Publication 216, The First 100 Years


State Controller

D. M. Kenfield


Born in Massachusetts in 1828, Kenfield came to California in 1853. He settled in Sonora and became an agent for Wells Fargo and Company Express. He was elected five times Treasurer of Tuolumne County. Kenfield became California’s State Controller in 1879 and served one term. He died in San Francisco September 29, 1883, at age 55.

John P. Dunn


Born in Ireland in April 1852, John Dunn came to Cohoes, Albany County, New York in July of that year. He attended the public schools of Cohoes, and Bryant, Stratton’s Business College in Troy, and Cornell University in Ithaca. Dunn came to San Francisco in 1875 and entered the produce business. He was elected San Francisco City Auditor in 1879 but was defeated for reelection in 1881. On November 7, 1882 he was elected to the first of two terms as State Controller. Afterward, he returned to San Francisco where he served for a time as registrar of the land office in San Francisco. Dunn moved to Southern California in 1900. He died May 29, 1906 at age 54.

Edward P. Colgan


Edward P. Colgan was born in Santa Rosa, California on June 10, 1856. He was a blacksmith for 13 years. He was twice elected Sheriff of Sonoma County. In 1890, he was elected State Controller. Colgan died in office November 20, 1906 shortly after winning reelection to his fifth term of office.

A. B. Nye


Alfred Bourne Nye was born in Stockton in 1853. He was educated in the Wareham and Falmouth, Massachusetts public schools and at Falmouth Academy. He began a newspaper career in the east and became editor of the Oakland Enquirer around 1884. In January, 1903, Nye became private secretary to Governor George C. Pardee. He was appointed Controller on November 23, 1906 and was reappointed on January 7, 1907. Nye was elected to two more terms, but he died in office August 19, 1913 at age 59.

John S. Chambers


John Shearer Chambers was born in Covington, Kentucky, November 4, 1867. He was educated in Kentucky and later moved to California. For a time he served as managing editor of the Sacramento Bee. He was also President of the Napa State Hospital Board. Chambers was appointed Controller August 28, 1913 after the death in office of A. B. Nye. He was elected to two more terms in 1914 and 1918 but resigned in 1921, before completing his final term. He died November 20, 1923.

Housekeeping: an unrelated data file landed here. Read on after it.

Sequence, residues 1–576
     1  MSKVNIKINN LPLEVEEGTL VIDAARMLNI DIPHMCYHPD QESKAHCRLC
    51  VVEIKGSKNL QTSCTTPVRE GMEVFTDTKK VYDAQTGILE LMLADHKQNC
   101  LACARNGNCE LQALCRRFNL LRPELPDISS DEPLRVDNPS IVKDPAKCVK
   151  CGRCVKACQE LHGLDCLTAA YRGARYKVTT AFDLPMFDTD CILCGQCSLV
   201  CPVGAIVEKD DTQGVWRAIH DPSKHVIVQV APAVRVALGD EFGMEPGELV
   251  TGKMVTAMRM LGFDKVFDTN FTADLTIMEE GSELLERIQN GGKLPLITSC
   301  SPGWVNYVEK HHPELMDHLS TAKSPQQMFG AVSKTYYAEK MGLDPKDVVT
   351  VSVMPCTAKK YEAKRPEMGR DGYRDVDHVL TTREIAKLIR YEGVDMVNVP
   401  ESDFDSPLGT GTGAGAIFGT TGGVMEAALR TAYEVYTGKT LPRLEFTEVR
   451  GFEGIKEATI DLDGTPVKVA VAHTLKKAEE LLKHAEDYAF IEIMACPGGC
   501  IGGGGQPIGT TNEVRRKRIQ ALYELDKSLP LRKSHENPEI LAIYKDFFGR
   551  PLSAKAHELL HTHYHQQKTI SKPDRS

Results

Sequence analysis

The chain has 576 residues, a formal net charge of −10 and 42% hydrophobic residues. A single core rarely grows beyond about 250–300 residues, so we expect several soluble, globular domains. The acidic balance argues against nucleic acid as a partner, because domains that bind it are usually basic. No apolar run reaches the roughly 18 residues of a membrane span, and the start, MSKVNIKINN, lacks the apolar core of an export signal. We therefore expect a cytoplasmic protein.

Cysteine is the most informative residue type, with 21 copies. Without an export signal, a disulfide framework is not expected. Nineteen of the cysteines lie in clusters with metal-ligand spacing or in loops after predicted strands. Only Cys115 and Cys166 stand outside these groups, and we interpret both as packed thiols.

Ray L. Riley


Born in Vicksburg, Michigan on July 20, 1874, Ray Riley came to Colton, California in 1907 and engaged in the drug business. He served on the Colton Board of Trustees and the San Bernardino County Board of Supervisors. In 1918, Riley was appointed State Water Commissioner and in 1919 he was appointed State Real Estate Commissioner. He was appointed State Controller in July 1921 after the resignation of John Chambers. Riley was elected to four more terms, but resigned in 1936 before finishing his final term, when he was appointed to the Railroad Commission. He served on the Railroad Commission until 1944. Later, he ran unsuccessfully for the United States Senate. Ray Riley died May 19, 1953 in New York. He was co-author of the Riley-Stewart Amendment which changed the concept of taxation in California.

Harry B. Riley


Harry B. Riley was born in Orange County, California on December 24, 1888. He was educated in the public schools of Long Beach and was later graduated from the University of Southern California Law School. At age 21, Riley was elected City Clerk of Long Beach and was reelected to a second term. He was also elected to two terms as Long Beach Commissioner of Finance. Riley served as Assemblyman representing Long Beach from 1931 to 1937. Harry Riley was appointed Controller in January of 1937 when Ray Riley (no apparent relation) was appointed to the Railroad Commission. Riley was elected to two more terms as Controller. He died in office February 4, 1946.